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Pulmonary oedema precipitated by cold water swimming
  1. R Biswas,
  2. P K Shibu,
  3. C M James
  1. Withybush Hospital, Haverfordwest, Wales, UK
  1. Correspondence to:
 Dr Biswas
 Withybush Hospital, Fishguard Road, Haverfordwest SA61 2PZ, UK;


The case is reported of a physically fit man, who, while training for a triathlon, developed pulmonary oedema secondary to swimming in cold water. Pulmonary oedema is usually caused by a combination of exercise and cold water, resulting in an increase in cardiac preload and after load, which causes an increase in pulmonary capillary pressure. Most cases improve spontaneously and quickly with no recurrence of symptoms.

  • pulmonary oedema
  • cold water
  • swimming

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A 36 year old man was admitted to our hospital complaining of shortness of breath and haemoptysis. He was physically fit and training for a local triathlon competition when the problem occurred. He had been swimming in the sea, wearing a wet suit, for about 10 minutes when he started to feel slightly short of breath. He loosened his wet suit and let the cold water in. However, his breathing worsened. He continued to swim for half a mile more. He started to cough up blood stained sputum. He returned to the shore at this stage and was more short of breath. He denied aspirating any seawater. He borrowed his daughter’s salbutamol inhaler and took a few puffs. He presented to his general practitioner about 90 minutes after the incident. The general practitioner heard crackles on his right side and referred him to hospital. He presented to the hospital 8–9 hours after the incident.

He is known to have had type 1 diabetes for 13 years treated with insulin. He is a non-smoker, drinks about 4 units of alcohol a week, and works as a pharmacist.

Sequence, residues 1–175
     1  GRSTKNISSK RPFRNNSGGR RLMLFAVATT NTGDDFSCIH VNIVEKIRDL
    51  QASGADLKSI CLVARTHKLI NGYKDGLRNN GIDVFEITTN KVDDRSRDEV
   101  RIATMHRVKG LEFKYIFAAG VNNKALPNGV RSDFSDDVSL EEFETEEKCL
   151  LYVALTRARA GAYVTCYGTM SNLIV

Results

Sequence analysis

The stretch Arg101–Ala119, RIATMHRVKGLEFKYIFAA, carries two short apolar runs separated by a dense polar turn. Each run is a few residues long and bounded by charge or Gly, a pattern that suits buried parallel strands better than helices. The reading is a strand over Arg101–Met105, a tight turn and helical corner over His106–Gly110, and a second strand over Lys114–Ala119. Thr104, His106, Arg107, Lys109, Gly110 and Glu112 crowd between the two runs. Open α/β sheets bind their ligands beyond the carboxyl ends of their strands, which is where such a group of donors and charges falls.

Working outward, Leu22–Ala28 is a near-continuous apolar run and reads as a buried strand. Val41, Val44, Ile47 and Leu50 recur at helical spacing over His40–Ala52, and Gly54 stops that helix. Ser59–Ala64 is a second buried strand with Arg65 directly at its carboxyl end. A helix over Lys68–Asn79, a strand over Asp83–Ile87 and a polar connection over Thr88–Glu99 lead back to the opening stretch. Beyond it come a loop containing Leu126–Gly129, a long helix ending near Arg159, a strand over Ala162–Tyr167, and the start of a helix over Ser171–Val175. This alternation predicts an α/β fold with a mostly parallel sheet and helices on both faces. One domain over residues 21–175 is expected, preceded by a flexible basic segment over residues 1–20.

On admission to the ward, he was comfortable at rest. His blood pressure was 125/73 mm Hg, pulse 60/min, and oxygen saturation 94% on room air. Jugular venous pressure was not raised, and there was no pedal oedema. There were crackles on the right side of the chest. Cardiovascular examination was normal with no murmur heard.

He improved quickly on the ward and was asymptomatic with no drugs prescribed.


The following are the results of the investigations carried out.

  • Haemoglobin, 146 g/l; white blood cell count, 9800 × 109/l; platelet count, 230 000 × 109/l.

  • Sodium, 141 mmol/l (normal range 135–145); potassium, 4.3 mmol/l (3.4–5.1); urea, 5 mmol/l (2.5–7.5); creatinine, 82 mmol/l (70–130).

  • d-Dimer, 286 ng/ml (normal <250 ng/ml).

  • Troponin I, 0.11 (normal <0.04).

  • Electrocardiogram, sinus bradycardia.

  • Chest radiograph, normal heart size, lung fields clear (performed about three hours after admission and about 12 hours after episode).

  • Echocardiogram, mild left ventricular hypertrophy with good systolic function; “Whiff” of mitral regurgitation and tricuspid regurgitation detected.

  • 24 hour cardiac monitoring, sinus rhythm with bradycardia throughout treadmill test; 15 minutes on Bruce protocol, asymptomatic throughout with maximal predicted heart rate and blood pressure achieved.


The diagnosis was pulmonary oedema precipitated by swimming in cold water. The patient was still asymptomatic at follow up four weeks after his discharge.

The slight rise in troponin was thought to be due to cardiac strain resulting from the pulmonary oedema. As he has type 1 diabetes, microvascular changes could not be excluded. However, he declined further investigations such as a thallium scan or coronary angiography. He has returned to triathlon training with no ill effect.


Pulmonary oedema induced by swimming in cold water has previously been described in fit young men. Three cases were described in young men undergoing US Navy SEAL underwater demolition training.1 An Israeli study found that 60% of athletic swimmers had symptoms of pulmonary oedema.2 Another Israeli study found similar features in young men undergoing military fitness training.3

The following factors are thought to contribute to the temporary increase in capillary venous pressure.

  • Exercise causes increased cardiac output.

  • Excessive drinking of water before swimming, to counteract dehydration, causes increase in preload and pulmonary venous pressure.

  • Swimming in cold water (even wearing a wet suit) can cause a decrease in core temperature resulting in redistribution of blood from peripheral to thoracic vessels resulting in a further increase in preload.

  • Cold temperatures can also increase preload and after load as well as pulmonary vascular resistance.4

It has been reported that most patients do not have recurrence of symptoms.3 Owing to gravity dependent increases in pulmonary capillary pressure, signs are usually present on the right side (as in our patient).

Most patients improve quickly and spontaneously and do not require diuretics.


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